For the electronic processing of the information it can be coded digitally or transmitted in analog form.
The advantages obtained by the invention reside particularly in the freedom of the information signal from noise signals caused by the rotation, the ease of processing the information transmitted, and the possibility of transmitting several information flows at the same time.
For the transmission of several information flows one can either provide a plurality of optically separate channels or a separate wavelength range can be associated with each information flow.
One illustrative embodiment of the invention will be described in further detail below.
The single FIGURE of the drawing is a schematic representation of apparatus embodying the invention, having a source of light and a light-sensitive receiver and two diaphragms.
In the embodiment shown, the outer part 10 of an apparatus is stationary and bears a source of light 3 whose modulated luminous flux contains the information to be transmitted. The inner part 20 of the apparatus rotates around an axis 21 and contains a light-sensitive receiving means 4 which converts the received modulated luminous flux from the source of light 3 into electrical signals. The direction of flow of the radiation can also be reversed so that the outer part contains the receiving means and the inner part the source of light. It is also conceivable for the outer part to rotate and the inner part to be stationary.
The dynamics of the photosensitive receiving means is so great in the illustrative embodiment of the invention that the electrical signals produced by it are a clear measure of the information transmitted, regardless of the distance of the receiving means from the source of light. The diaphragms 5, 5' see to it that the directly emitted light from the source of light 3 does not strike the receiving unit 4. Source of light, receiving unit and diaphragm are provided with a surface which reflects as completely as possible but diffusely. As well known in the art, a material having this reflection characteristic is chalk.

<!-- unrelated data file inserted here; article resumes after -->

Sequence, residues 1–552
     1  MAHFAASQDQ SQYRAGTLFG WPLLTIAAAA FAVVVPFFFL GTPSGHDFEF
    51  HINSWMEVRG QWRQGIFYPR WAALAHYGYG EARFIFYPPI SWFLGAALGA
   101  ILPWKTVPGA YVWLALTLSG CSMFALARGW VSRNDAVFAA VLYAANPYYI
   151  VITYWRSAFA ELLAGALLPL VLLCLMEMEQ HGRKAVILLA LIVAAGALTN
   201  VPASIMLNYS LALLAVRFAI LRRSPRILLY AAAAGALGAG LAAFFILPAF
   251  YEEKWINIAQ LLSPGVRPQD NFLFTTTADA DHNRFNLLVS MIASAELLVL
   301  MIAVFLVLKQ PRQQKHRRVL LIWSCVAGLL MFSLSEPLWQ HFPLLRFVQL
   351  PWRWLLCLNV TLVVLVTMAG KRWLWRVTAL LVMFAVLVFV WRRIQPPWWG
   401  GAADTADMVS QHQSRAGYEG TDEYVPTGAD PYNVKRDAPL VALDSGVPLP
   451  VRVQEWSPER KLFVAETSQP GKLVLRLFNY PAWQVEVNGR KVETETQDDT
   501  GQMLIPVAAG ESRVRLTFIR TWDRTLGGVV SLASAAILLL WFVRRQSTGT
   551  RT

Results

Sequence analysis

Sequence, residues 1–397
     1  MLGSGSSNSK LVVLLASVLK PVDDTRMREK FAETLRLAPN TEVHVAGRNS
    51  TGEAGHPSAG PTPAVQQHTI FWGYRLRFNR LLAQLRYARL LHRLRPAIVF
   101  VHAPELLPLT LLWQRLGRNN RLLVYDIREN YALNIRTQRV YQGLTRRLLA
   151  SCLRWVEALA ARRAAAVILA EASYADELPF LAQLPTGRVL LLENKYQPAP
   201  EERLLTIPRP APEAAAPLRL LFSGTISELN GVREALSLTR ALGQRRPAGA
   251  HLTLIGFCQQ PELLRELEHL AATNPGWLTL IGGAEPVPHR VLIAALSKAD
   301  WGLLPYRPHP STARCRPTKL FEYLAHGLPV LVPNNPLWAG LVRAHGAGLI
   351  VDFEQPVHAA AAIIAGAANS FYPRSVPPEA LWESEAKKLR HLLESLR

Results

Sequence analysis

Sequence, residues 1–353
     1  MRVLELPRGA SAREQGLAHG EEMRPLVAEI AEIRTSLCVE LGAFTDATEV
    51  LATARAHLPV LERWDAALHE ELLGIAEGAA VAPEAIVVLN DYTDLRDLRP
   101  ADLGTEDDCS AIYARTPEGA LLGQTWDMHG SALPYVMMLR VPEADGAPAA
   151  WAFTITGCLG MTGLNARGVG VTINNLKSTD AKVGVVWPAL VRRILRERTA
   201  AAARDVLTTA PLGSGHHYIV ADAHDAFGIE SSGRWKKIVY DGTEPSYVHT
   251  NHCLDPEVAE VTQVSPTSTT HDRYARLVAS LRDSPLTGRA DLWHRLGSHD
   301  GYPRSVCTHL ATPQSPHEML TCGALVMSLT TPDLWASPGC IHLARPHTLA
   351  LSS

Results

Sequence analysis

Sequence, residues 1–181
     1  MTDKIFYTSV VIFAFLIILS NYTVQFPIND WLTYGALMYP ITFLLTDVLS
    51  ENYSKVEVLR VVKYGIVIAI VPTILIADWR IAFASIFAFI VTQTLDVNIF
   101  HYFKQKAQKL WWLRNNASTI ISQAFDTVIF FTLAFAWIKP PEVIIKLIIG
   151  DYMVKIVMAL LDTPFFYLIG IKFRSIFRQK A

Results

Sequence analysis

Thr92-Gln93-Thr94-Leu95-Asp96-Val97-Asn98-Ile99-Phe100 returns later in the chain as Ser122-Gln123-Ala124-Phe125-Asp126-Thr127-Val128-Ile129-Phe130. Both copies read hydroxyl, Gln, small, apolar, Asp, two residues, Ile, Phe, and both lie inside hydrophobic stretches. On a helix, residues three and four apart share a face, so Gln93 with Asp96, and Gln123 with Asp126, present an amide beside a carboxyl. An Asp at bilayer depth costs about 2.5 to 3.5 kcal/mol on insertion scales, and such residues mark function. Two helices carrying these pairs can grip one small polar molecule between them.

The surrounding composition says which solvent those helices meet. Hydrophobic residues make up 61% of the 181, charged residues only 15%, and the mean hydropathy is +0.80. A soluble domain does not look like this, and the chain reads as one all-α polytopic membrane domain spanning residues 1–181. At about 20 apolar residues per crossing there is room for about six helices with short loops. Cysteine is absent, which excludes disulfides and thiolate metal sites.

With this arrangement, the radiation flow received with constant transmission signal by the receiving means is prevented from experiencing modulation upon rotation of the two apparatus parts with respect to each other.
In the preferred embodiment, the first diaphragm 5 is mounted on the stationary part 10 of the apparatus so that it is always in front of the stationary emission source 3, and the second diaphragm 5' is mounted on the rotating part 20 of the apparatus so that it is always in front of the receptor 4. If plural emission sources and receptors are used (to provide for simultaneous transmission of two or more streams of information, using different wavelength or frequency regions for each) the different sources and receptors, respectively, may be spaced from each other either axially or circumferentially. In either case, the respective diaphragms are mounted as above described, so as to be in front of their respective sources and receptors.
With this arrangement, it is seen that there will never be a direct passage of luminous flux from a source to a receptor, nor even a passage with only one reflection, but the passage will always involve at least two reflections. For example, flux from the source 3 will first strike the diaphragm 5 and be reflected thereby back onto the concave wall of the stationary part 10, from which it will be reflected or bounced back toward the receptor 4, with possibly some intermediate reflections back and fourth between the convex wall of the rotor 20 and the concave stationary wall 10 before finally reaching the receptor 4.